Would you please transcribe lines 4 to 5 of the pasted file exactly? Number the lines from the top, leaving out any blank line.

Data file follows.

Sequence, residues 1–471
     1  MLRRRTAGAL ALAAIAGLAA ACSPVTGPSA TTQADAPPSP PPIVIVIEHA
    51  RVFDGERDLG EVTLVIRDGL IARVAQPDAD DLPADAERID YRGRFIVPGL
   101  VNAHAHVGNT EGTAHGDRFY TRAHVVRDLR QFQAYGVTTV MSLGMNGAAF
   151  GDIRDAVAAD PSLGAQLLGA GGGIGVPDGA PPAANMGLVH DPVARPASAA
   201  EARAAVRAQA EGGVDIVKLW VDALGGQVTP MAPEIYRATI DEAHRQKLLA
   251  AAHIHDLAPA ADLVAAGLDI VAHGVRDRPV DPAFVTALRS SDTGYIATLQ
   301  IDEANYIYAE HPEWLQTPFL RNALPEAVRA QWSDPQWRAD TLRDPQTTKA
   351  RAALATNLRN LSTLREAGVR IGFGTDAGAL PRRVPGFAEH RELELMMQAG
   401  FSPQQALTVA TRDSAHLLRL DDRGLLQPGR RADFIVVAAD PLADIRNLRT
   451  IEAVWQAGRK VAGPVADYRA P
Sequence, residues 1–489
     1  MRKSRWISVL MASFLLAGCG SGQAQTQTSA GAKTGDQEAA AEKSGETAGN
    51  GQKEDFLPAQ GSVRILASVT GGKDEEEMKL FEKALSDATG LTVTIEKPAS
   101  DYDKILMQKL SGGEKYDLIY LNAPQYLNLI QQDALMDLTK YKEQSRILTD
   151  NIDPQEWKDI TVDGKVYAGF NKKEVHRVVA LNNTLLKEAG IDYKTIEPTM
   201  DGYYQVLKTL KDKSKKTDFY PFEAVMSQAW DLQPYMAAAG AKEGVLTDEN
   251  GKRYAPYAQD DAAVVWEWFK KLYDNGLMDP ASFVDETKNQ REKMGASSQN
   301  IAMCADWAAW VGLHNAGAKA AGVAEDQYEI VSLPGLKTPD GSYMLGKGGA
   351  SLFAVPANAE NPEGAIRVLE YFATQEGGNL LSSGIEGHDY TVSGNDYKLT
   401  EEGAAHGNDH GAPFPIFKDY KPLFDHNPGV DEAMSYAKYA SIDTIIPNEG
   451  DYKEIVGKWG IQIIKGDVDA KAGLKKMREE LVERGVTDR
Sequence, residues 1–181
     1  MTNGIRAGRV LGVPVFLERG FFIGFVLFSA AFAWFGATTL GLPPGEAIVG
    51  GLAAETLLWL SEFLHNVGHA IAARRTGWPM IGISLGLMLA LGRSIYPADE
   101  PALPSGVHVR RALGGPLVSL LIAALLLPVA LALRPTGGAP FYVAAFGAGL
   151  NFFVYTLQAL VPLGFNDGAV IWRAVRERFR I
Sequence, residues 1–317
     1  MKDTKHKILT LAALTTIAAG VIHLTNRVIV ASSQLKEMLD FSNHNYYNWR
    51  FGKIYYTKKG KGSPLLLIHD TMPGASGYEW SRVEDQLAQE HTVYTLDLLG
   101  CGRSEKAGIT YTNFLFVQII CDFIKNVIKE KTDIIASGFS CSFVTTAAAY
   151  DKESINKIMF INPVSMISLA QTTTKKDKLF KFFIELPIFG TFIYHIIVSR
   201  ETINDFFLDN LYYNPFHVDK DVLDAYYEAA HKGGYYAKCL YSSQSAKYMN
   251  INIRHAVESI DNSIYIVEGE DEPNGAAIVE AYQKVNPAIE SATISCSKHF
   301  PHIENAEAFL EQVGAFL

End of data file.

   101  VNAHAHVGNT EGTAHGDRFY TRAHVVRDLR QFQAYGVTTV MSLGMNGAAF
   151  GDIRDAVAAD PSLGAQLLGA GGGIGVPDGA PPAANMGLVH DPVARPASAA